Needham, who studied under renowned entomologist John Henry Comstock (1849–1931), was then refining his pretracheation insect wing theory. Although discredited in 1938 by more refined studies, Needham’s work was the basis for the Comstock–Needham System of naming insect wing veins, considered “an important step in showing the homology of all insect wings.” Needham later replaced Comstock as head of the Department of Entomology at Cornell, a position he held for more than 20 years.
A new study by Luke Myers (a Saranac native) and Timothy Mihuc of the Lake Champlain Research Institute at SUNY Plattsburgh, along with Boris Kondratieff of Colorado State University, highlights the role of Needham and Betten in the rise to prominence of of aquatic insect entomology in New York State in the early 20th century and treads new ground as an important update to our knowledge of aquatic insects in the Adirondack region.
After four years of studying mayflies, caddisflies and stoneflies, Myers (who did much of the fieldwork with the assistance of self-taught caddisfly expert D.E. Ruiter), Mihuc, and Kondratieff have produced what is being considered the most comprehensive biodiversity study of those aquatic insects in the Adirondacks.
According to a story by Mike Lynch in the Adirondack Daily Enterprise, “Myers and his team examined 25,000 specimens from 465 locations. They found 509 species of mayflies, caddisflies and stoneflies, including 99 that were reported in this state for the first time. They also discovered several species new to science and some species of conservation concern.”
Even given the new techniques and equipment available to modern researchers, that’s no mean feat. It’s also one that will be a welcome addition to those interested in the biodiversity of Adirondack wetlands and their place in the larger ecology of the region.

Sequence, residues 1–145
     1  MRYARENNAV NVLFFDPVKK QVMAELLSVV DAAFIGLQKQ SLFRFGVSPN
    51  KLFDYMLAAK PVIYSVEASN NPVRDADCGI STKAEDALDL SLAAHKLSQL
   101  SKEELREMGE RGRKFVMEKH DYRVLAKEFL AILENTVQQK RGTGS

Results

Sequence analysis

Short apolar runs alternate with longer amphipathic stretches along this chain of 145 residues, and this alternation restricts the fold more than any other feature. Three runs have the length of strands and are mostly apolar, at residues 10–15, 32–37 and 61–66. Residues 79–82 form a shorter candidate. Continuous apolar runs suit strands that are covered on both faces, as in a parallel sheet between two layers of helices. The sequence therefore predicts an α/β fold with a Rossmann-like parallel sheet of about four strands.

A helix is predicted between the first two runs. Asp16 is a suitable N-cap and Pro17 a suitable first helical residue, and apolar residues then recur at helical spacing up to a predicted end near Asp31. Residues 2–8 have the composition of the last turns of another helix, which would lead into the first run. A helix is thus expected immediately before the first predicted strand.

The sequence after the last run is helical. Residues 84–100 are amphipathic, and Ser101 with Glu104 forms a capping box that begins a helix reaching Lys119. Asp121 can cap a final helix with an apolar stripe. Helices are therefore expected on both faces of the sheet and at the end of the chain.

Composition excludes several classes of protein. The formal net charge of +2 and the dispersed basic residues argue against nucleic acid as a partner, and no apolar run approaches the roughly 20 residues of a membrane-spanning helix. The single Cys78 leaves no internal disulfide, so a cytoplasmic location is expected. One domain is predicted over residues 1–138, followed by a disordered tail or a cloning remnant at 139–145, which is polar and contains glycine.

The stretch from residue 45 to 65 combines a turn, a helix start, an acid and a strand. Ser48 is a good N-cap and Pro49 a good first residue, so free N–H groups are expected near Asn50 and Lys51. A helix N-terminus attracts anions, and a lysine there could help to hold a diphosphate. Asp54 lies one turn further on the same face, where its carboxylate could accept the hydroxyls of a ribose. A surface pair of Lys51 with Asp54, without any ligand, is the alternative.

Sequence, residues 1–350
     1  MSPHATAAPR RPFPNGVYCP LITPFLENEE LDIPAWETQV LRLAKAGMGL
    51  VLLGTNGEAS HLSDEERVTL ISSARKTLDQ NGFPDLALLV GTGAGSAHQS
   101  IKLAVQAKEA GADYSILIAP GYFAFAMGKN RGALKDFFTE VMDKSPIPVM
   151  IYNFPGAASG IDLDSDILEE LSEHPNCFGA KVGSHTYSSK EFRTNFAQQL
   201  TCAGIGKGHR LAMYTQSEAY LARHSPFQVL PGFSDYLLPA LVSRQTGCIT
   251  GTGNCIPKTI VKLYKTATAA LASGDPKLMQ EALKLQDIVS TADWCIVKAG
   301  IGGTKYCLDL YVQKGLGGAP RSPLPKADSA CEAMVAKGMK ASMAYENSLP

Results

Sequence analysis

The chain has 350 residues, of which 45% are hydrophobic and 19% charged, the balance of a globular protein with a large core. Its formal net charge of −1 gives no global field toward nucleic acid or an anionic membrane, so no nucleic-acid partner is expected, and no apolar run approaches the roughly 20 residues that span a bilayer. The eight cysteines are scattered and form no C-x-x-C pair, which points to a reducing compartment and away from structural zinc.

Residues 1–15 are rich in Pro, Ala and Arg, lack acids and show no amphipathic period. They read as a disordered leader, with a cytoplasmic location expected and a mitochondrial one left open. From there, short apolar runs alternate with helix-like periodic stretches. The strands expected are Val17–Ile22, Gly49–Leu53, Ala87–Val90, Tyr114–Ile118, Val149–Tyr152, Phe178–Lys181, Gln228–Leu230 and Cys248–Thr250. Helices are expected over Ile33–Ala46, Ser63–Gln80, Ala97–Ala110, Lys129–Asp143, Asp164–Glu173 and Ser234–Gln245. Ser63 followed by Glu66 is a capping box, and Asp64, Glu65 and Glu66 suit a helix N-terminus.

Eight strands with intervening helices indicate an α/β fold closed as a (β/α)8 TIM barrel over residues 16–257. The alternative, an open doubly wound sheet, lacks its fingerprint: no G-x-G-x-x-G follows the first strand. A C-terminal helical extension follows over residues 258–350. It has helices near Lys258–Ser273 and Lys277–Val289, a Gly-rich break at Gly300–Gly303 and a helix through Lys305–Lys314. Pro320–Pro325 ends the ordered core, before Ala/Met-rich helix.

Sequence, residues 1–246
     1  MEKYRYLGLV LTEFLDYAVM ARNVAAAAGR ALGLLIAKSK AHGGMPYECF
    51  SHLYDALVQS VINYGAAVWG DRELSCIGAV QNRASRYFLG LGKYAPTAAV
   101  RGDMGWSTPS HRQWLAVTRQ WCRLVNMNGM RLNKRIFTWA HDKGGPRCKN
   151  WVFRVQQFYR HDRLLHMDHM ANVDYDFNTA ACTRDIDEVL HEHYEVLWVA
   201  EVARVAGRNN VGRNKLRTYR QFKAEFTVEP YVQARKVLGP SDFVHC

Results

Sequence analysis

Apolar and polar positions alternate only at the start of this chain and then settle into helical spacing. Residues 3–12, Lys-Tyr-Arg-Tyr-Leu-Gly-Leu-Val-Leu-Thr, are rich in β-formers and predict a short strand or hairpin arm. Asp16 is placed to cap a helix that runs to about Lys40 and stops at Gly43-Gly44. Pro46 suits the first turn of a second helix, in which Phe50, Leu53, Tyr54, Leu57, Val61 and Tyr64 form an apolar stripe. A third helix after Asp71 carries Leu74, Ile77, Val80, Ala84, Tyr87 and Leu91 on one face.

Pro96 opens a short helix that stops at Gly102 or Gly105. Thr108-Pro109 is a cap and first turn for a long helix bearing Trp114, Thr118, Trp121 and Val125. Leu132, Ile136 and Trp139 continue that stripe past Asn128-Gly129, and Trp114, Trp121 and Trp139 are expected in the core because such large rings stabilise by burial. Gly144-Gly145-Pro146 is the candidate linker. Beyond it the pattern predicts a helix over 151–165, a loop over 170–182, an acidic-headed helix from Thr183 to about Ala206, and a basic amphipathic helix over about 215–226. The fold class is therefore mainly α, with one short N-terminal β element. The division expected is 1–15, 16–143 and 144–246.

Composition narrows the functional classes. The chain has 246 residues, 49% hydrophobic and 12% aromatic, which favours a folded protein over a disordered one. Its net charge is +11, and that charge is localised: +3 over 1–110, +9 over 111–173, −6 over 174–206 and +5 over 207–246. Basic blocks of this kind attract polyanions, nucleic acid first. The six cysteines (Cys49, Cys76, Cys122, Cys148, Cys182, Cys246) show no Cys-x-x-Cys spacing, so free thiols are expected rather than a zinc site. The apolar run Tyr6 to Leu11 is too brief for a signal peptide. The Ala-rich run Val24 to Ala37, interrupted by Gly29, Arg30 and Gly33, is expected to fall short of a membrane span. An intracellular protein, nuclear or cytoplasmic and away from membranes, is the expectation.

Photos: Above, Little Clear creek, Adirondack Fish Hatchery (1900 NYS Museum Photo); Middle, illustration from the 1901 report “Aquatic Insects – Sepedon and Tetanecera”; Below, Luke Myers working on the Raquette River near Axton Landing (Photo Provided).
One of the great traditional Adirondack wintertime pastimes kicked of this past week – ice fishing. The stalled winter has had hard-water anglers itching to hit the ice, although a few hardy (some would say fool-hardy) early adventurers found just enough ice here and there to safely fish two weekends ago. All that is behind us now, as many smaller lakes have the minimum of three to four inches considered safe to travel ice on foot. The ice shanties are being readied, tip-ups and jig poles tested, new lines and leaders in place. This weekend will see small congregations of anglers sprinkled across the frozen surface of local lakes. According to a recent DEC survey, ice fishing participation has doubled over the past 10 years. “Everyone is anxious to get out, as early ice often produces some of the best fishing opportunities of the season,” local guide Joe Hackett told me last week. Joe said he saw anglers on Lake Colby, Rollins Pond, Connery Pond and most of the smaller waters in the Tri-Lakes region last weekend. “I’d stay off the big lakes for a while yet,” he cautioned, “especially around the inlets and outlets”.
This year, there will be an expanded opportunity to improve the catch. In waters where a full compliment of ice fishing gear is permitted, anglers are now allowed up to three lines and five tip-ups. The previous limit was two lines and five tip-ups.
DEC reminds anglers to take these important guidelines when ice fishing:
Follow the bait fish regulations to prevent the spread of harmful fish diseases and invasive species. Bait fish may be used in most but not all waters that are open to ice fishing.
Use only certified disease-free bait fish purchased at a local tackle store or use only personally collected bait fish for use in the same waterbody in which they were caught.
Check for sufficient ice thickness before venturing onto the ice and frequently as you travel to new areas.
Remember, ice thickness varies on every body of water and anglers should be particularly wary of areas of moving water and around boat docks/houses where bubblers may be installed to reduce ice buildup. Snowmobile tracks or footprints should not be taken as evidence of safe ice – always check ice conditions for yourself and avoid situations that appear to present even a remote risk.
More information on ice fishing, ice safety, and places to ice fish can be found online. Read all of the Almanack‘s stories about ice here.
Photo: Above, Mike Todriff of Chestertown shows off a salmon caught last year on Lake George; below, Shannon Houlihan of Chestertown tries her luck with a jig pole in 2011.